12 Nov 2021 | Press Release No. 38
For the upcoming year, the BA has planned total expenditure of just under 38 billion euros. After record spending of 61 billion euros in 2020 and an expected 58 billion euros for the current year, planned spending is approaching pre-crisis levels. The decrease has occurred, above all else, due to the expected fall in expenditure on short-time work and unemployment benefits.
The BA is also expecting its revenues to increase. For 2022, revenues of just under 37 billion euros are have been forecast, an increase of 3.2 per cent.
Deficit expected to continue – no reserves
The pandemic has meant that the BA is continuing to forecast that it will require a subsidy which, according to the first government draft of the 2022 federal budget, will be paid by the federal government. Because of the high deficits in 2020 and 2021, the reserve of almost 26 billion euros has been depleted. For both years, the federal government is to provide almost 24 billion euros. From 2023 onwards, a surplus is expected for the first time once again, as long as the general conditions remain unchanged.
Two billion euros for investment in further training
In the upcoming year, investments in further training and qualifications will also be in focus, and will be included in the budget to the total amount of 2 billion euros. Of this amount, almost 900 million euros are being allocated to the qualification of employed persons, as structural changes and advancing digitalisation are changing the labour market.
The BA is able to support young people in their transition from school to working life with roughly 1 billion euros. This includes career guidance, preparation measures for working life and assisted training for young people with special needs.
Expenditure on unemployment benefits and short-time working allowances expected to fall
The BA has allocated approximately 15.9 billion euros to unemployment benefits, 3.2 billion euros less than in the current year. 1.7 billion has been earmarked in the next budget for cyclical short-time workers. In the current year, the BA is expected to spend approximately 20 billion euros on short-time working allowances and the reimbursement of social security contributions to employers. Once again, the requirement here is that the general conditions do not deteriorate again.
Temporary staffing requirements for pandemic-related additional workloads to continue
The administrative board also approved a pandemic-related staffing requirement of approximately 3,300 employment opportunities. This means that above all else, temporary employment contracts can be extended to this extent in 2022. This will continue to allow the BA to cushion the additional tasks caused by the pandemic. For example, the BA is required to carry out over one million final audits for completed short-time work, which will last until 2023.
Chair of the Administrative Board, Anja Piel:
“The situation on the labour market appears to be easing further. Despite this, we are facing considerable challenges – the number of people in long-term unemployment is continuing to increase, despite all our efforts unemployment is becoming entrenched, while transformation and structural changes in the economy will ask a lot of companies and employees in the years to come. With its budget, the administrative board is trying to create the basis for ensuring that both unemployed and employed persons receive sufficient support and assistance. The next federal government must continue to actively support the labour market, and to do this, the Federal Employment Agency will need to be debt-free in the future. The staff team at the BA are continuing to work at full pelt to come to grips with the payment of benefits at the same time as the large number of final audits for the short-time allowance and all the other tasks in the areas of advice and the placement of jobseekers. To this end, the administrative board is also trying to create the necessary staff-related framework with this budget.”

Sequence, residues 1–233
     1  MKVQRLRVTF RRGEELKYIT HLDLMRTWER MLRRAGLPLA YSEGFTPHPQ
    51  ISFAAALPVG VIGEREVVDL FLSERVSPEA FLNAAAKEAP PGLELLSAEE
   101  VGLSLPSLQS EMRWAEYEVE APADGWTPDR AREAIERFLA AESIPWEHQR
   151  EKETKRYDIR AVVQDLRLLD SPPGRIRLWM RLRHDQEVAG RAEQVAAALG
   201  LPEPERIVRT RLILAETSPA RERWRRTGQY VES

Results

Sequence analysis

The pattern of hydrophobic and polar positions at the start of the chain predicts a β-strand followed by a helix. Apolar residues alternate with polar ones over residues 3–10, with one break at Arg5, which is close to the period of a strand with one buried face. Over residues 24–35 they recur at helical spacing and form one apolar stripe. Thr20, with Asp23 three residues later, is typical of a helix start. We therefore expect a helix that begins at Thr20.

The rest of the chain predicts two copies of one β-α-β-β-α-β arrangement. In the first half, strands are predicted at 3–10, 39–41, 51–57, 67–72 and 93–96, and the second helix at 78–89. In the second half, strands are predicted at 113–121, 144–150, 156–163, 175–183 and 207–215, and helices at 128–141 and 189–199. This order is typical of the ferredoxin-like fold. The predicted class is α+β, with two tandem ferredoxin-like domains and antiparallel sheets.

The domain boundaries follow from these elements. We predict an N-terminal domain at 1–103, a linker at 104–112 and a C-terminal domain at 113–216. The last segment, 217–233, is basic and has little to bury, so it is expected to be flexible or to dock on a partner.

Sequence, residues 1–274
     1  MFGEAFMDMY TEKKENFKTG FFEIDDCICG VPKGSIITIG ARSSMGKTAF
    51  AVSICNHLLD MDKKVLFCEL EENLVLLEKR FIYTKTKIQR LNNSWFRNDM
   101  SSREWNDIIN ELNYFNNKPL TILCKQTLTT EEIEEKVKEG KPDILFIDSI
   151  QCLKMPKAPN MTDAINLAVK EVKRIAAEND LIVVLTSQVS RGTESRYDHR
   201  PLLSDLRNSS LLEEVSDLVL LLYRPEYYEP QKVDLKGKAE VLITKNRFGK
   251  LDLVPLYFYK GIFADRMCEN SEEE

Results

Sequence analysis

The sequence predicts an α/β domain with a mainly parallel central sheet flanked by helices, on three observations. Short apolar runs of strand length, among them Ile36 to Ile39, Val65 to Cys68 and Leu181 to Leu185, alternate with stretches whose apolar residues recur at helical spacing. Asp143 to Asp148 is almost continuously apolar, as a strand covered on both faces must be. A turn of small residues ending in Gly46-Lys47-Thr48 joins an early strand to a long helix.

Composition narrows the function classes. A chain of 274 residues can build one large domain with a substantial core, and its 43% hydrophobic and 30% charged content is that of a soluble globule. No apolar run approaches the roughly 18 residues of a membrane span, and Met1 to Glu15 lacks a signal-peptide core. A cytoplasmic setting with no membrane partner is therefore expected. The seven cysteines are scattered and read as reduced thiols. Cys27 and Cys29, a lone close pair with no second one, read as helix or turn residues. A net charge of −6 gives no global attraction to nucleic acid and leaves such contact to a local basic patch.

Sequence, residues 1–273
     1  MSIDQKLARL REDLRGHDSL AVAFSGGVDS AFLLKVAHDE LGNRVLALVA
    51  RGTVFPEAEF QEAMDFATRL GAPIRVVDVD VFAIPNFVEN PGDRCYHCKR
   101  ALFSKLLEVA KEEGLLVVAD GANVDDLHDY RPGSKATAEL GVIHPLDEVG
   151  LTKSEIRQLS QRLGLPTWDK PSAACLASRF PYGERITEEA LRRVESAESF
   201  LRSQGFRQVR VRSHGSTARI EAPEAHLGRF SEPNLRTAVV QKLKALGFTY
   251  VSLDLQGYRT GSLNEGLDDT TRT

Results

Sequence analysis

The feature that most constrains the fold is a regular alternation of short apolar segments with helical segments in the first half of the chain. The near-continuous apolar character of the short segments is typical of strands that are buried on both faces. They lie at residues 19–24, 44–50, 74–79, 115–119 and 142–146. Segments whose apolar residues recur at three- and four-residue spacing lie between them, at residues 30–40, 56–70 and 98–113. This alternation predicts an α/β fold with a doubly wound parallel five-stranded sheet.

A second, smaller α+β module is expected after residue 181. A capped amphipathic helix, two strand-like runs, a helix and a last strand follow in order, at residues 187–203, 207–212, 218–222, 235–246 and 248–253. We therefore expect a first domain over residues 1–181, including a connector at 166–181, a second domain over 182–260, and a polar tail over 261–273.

Deputy Chair of the Administrative Board, Christina Ramb:
"The budget adopted today by the administrative board will ensure that the BA is able to act effectively in a challenging future on the market for training and labour. For companies, securing skilled staff and the structural changes in the German economy are taking centre stage. In this respect, dual vocational training, welcoming skilled workers from abroad and the further qualification of employees are key concerns. These priorities are also reflected in the budget of the BA. The message is: necessary qualifications won’t lose out in the budget for inclusion and further training. The placement of jobseekers and the provision of advice will be strengthened through staff-related and organisational measures. Investments are being made in further extending the digital services offered by the BA. In this way, the self-administration of the BA is creating good framework conditions for an efficiently-functioning labour market.”
Chief Financial Officer Christiane Schönefeld:
“After two crisis years with historically high expenditure, we are now presenting a budget that approaches the pre-crisis levels. As long as the framework remains favourable, we will again be able to build up a supporting financial reserve for periods of economic difficulty in small steps from 2023 onwards. The crisis has clearly shown how valuable our 26 billion euros of financial reserves were. We are accompanying the changes in the labour market with strong investments in qualifications for the unemployed and employed. More than two billion euros are available for the further training of people who are unemployed and employed.”
The budget of the BA is yet to be finally approved by the federal government.